Written Composition and (Mem)oral Decomposition: The Case of “The Suffolk Tragedy”


In seeking to understand the processes and identify the products of oral transmission in early English verbal culture, it can be useful to seek enlightenment in the study of later traditions that are better documented. This paper pursues an ongoing line of research that focuses on English crime ballads, originally published as broadsides, and recovered from folk tradition decades or centuries later. The known relative provenance of the texts allows the impact of oral transmission to be identified exactly and with confidence. In this instance a ballad published in 1828 on the trial of William Corder for the murder of Maria Marten is juxtaposed both with a version recorded from an Oxfordshire singer in 1972, and with a journalistic prose account that was evidently a direct source, enabling an analysis of both the song’s written composition and its “decomposition” in what it is suggested might properly be called “memoral” tradition.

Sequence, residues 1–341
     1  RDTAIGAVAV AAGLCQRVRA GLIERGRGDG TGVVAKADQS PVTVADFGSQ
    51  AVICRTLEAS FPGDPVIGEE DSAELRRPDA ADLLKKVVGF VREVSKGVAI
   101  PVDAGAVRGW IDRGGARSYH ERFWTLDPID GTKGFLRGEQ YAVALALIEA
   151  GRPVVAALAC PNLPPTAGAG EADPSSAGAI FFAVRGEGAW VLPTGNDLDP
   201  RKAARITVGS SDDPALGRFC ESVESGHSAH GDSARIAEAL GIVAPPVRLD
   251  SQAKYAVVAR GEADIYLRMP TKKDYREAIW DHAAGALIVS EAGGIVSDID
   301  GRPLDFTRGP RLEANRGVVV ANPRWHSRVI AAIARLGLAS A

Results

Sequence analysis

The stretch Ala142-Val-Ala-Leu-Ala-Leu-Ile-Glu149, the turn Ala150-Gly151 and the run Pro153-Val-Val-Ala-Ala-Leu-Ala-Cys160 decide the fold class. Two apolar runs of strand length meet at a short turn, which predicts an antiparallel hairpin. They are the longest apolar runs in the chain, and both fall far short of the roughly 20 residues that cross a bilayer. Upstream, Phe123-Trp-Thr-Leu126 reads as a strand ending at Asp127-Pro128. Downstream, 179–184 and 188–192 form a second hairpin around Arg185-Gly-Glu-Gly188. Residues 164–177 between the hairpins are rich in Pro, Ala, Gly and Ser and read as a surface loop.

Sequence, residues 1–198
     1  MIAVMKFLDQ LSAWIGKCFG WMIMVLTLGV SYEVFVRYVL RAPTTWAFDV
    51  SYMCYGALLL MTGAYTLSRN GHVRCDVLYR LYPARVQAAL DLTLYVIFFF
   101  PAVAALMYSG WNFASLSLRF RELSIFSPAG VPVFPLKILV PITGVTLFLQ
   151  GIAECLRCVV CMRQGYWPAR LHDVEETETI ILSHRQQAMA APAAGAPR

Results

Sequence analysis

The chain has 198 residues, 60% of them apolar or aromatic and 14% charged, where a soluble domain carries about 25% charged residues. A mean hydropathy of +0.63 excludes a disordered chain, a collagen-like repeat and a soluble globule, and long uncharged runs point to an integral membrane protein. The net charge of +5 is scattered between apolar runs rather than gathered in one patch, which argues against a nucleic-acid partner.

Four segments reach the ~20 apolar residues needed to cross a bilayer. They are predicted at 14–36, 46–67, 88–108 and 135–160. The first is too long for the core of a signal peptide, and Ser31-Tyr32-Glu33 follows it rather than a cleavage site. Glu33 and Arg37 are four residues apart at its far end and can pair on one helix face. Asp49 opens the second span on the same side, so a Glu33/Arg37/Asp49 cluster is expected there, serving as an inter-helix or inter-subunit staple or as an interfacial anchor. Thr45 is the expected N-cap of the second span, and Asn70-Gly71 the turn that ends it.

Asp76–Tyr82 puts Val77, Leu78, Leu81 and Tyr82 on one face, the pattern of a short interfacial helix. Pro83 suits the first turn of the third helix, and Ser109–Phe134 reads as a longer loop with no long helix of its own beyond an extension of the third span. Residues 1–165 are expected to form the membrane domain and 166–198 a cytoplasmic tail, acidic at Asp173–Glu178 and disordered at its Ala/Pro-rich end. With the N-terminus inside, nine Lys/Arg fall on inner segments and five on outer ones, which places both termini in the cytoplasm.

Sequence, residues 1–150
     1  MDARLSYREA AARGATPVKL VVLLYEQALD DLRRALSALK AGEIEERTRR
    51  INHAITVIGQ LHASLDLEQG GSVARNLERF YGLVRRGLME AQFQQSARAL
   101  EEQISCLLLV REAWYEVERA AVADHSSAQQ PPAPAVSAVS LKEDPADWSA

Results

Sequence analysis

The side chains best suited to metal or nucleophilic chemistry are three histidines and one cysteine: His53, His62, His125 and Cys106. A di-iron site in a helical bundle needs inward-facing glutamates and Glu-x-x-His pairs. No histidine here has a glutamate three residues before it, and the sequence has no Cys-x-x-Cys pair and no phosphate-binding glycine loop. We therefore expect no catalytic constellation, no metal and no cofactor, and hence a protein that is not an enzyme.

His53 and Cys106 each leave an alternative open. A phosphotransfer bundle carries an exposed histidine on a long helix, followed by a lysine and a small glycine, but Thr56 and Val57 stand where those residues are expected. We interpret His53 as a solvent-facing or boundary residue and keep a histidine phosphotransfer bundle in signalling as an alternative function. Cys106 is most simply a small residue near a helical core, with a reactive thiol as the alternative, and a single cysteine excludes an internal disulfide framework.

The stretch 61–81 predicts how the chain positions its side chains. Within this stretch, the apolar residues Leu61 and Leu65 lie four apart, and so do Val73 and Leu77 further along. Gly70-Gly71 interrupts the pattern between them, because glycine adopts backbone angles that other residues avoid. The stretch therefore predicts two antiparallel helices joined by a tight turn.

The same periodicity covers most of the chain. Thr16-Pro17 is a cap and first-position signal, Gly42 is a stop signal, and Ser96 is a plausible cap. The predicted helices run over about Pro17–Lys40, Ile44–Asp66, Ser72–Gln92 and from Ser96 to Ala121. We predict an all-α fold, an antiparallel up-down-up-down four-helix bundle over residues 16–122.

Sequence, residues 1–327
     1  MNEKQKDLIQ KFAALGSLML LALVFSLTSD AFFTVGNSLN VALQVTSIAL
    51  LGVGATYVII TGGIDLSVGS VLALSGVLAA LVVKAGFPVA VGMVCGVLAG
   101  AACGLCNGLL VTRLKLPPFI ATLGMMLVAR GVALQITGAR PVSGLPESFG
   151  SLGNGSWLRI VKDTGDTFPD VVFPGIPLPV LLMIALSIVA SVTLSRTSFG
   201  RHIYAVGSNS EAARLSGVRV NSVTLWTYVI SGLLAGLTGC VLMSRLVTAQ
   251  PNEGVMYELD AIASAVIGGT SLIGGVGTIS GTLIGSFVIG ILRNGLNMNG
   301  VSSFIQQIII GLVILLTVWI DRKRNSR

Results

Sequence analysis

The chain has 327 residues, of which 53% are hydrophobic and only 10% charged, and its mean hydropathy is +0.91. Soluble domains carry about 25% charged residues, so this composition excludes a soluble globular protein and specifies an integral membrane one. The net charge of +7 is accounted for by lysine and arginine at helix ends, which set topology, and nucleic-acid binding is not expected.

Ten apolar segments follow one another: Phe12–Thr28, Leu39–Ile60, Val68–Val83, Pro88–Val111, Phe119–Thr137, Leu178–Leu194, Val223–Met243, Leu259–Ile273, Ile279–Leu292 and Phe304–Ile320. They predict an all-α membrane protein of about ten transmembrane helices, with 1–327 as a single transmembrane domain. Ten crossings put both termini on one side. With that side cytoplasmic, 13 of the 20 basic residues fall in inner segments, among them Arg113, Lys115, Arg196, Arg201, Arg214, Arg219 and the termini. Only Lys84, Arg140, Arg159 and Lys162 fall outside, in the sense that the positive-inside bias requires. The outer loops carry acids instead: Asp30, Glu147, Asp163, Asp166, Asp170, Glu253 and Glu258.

Performance of the “The Suffolk Tragedy” by Freda Palmer as recorded by Mike Yates (Hall 1998, item 12):

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